I am constantly amazed at the human spirit and will to survive. I often wonder, after reading books like this, if I would be one to make it. I'm not sure I would. This reminds me of Life and Death in Shanghai and of David Faber's story. How is it possible for humankind to be so diverse and affected by governments that you would find it in yourself to treat people the way prisoners are treated at times? How can you be so convinced of the "common good" that you allow yourself to degrade another living creature to the point of standing in their own excrement for hours and days on end? But then to have that same persecuted individual want to live so badly, that he walks over 4000 miles to safety and health? Along the way he sees the other side of humanity, the beauty of selfless giving and hospitality. There really are no words adequate enough to describe the horror and then the beauty of such a journey. On a side note... my sister and I talked about how he makes a statement in his foreward- almost a warning- about goverments and their vision of the "common good." Its scary to see and hear how many of our speeches coming from our so well intentioned government include the goal of the "common good." wow.

  • Charlie
    2018-12-26 00:07

    Suppose to be TRUE. I don't know. Google'd the book but recently some critics are skeptical on how TRUE the story plays out. Seven inmates from a Soviet labor camp in Siberia escape and WALKED thousands of miles thru bitter cold and then later thru the Gobi Desert,Tibet then finally made it to India seems far, FAR fetched. Again it could be True. It is NOT written anywhere near Laura Hillenbrand"s book,UNBROKEN. It had some of the same elements - one trying event after another - but it still is a decent read. Just decent.

  • Avtar Dhaliwal
    2018-12-29 07:22

    I am on page 79 in the book, right now the book is really taking a new step. (view spoiler)[The reason is since they have arrived at the camp i think 203 and made their barracks and have seen the secenery. before this they were making the long walk just to get their after his long bias trial were he really had no choise but to serve 25 years of hard labor (hide spoiler)] I think that this book really represents dehumanisation with the treatment of the main characters, and comradship with the prisoners going though the horrible experiance of just getting to the camp. all and all this book is turing into a really awesome book!!!!!!!!!!!! :)The long Walk 0.5vThe author of this book is Slavomir Rrawicz, he has only written on book and it’s amazing. His story was so compelling that they made a movie called “The Way Back” which was based on his Russian escape with his comrades.Many other people liked the book as I do including: Los Angeles times, Chicago Tribune, and The New York Times. When I started reading about him and how he got to the prison it saddened me to know that all of this was true and it happened to lots of people because of race or creed. I think a reader who is; in love with historical non-fiction with a plot, non-Russian enthusiast, people who want a book that they can use for a theme of dehumanization in a paper or papers. I really loved when they make jokes even know they are in situations that are terrible. I think that, that shows humanity and comradeship, because of what they have been though the deserts, and wilderness. That they can laugh and are not mentally broken and autonomous like some people would be in this circumstances. If you like all the books that I read like Percy Jackson series. The New York Times said "a poet with steel in his soul". when I started reading the part when they found the girl I was Like why? And that suck that she was basically stranded there.(view spoiler)[ When I got to the desert part I felt bad for them but I was surprised at the death rates and how nice people were to them. On page 158 it says “light hit the tops of the billowing dunes and threw a sharp shadow across the deep-sanded floors of the intervening little valleys” I really like the description of the Gobi desert and it really caught my fancy. Before that the quote “the sharp chill of the desert night” really made me think of how cold It can really get even know they are in a desert. In chapter for Plans for Escape, I found that there escape easier than expected with little to no resistance. I think this is because the Camp wasn’t expecting that they would escape and that even If they did they would probably die after the first two nights. I admired their bravery when they escaped and how they ran so far before stopping and I know that I couldn’t ever do something as extreme as that. I think that this author should of got an reward other than a movie out of it because it is so inspiring mostly I think its saying don’t give up, and were not going to take it. I would give them the Inspiration reward that would be epic and show how awesome it is.(hide spoiler)]In all right now the book has turned out awesome and I will be continuously reading and enjoying this master piece as you would if you glance on page 1.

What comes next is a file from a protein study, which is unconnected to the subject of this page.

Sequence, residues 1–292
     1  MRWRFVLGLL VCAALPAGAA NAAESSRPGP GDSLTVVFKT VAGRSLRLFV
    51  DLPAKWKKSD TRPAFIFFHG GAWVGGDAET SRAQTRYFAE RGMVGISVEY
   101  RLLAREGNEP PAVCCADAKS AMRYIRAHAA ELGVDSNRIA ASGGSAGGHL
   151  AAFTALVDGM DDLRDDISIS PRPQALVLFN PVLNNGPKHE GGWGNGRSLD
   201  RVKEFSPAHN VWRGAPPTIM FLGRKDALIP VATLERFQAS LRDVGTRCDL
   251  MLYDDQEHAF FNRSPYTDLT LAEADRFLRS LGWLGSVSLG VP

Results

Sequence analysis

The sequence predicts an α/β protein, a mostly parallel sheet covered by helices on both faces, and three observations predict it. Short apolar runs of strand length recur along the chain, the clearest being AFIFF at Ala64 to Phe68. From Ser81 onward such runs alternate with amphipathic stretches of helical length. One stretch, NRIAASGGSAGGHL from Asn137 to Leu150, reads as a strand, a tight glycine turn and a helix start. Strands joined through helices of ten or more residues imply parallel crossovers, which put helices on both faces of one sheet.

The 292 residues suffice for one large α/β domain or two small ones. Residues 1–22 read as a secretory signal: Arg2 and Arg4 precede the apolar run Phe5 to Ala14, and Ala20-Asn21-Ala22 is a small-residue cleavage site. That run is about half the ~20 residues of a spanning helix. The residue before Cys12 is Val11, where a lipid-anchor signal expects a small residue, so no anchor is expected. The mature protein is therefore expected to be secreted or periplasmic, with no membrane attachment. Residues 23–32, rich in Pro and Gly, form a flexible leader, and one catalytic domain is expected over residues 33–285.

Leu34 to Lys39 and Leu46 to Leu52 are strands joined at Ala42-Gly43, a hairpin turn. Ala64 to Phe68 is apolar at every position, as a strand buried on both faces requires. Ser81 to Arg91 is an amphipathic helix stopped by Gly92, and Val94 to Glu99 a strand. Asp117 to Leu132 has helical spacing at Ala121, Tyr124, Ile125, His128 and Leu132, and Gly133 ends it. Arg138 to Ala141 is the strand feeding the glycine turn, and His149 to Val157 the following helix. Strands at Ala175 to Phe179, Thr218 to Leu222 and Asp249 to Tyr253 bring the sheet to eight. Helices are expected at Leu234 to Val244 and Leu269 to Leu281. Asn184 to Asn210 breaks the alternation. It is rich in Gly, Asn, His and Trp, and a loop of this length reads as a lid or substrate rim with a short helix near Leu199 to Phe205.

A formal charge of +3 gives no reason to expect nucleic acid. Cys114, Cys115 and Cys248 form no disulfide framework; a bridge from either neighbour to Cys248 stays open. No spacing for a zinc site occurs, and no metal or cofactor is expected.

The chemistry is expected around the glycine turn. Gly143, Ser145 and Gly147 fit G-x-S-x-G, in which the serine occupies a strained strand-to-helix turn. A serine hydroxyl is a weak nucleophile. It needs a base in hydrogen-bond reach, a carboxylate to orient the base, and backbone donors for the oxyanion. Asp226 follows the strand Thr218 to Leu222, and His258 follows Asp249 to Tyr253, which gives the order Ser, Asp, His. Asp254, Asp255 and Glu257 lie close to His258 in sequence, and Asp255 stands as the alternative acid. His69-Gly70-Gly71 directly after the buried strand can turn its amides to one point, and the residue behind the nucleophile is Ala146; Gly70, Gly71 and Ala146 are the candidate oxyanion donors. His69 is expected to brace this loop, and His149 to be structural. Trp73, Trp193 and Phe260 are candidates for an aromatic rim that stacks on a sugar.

• Jessi
    2018-12-26 01:10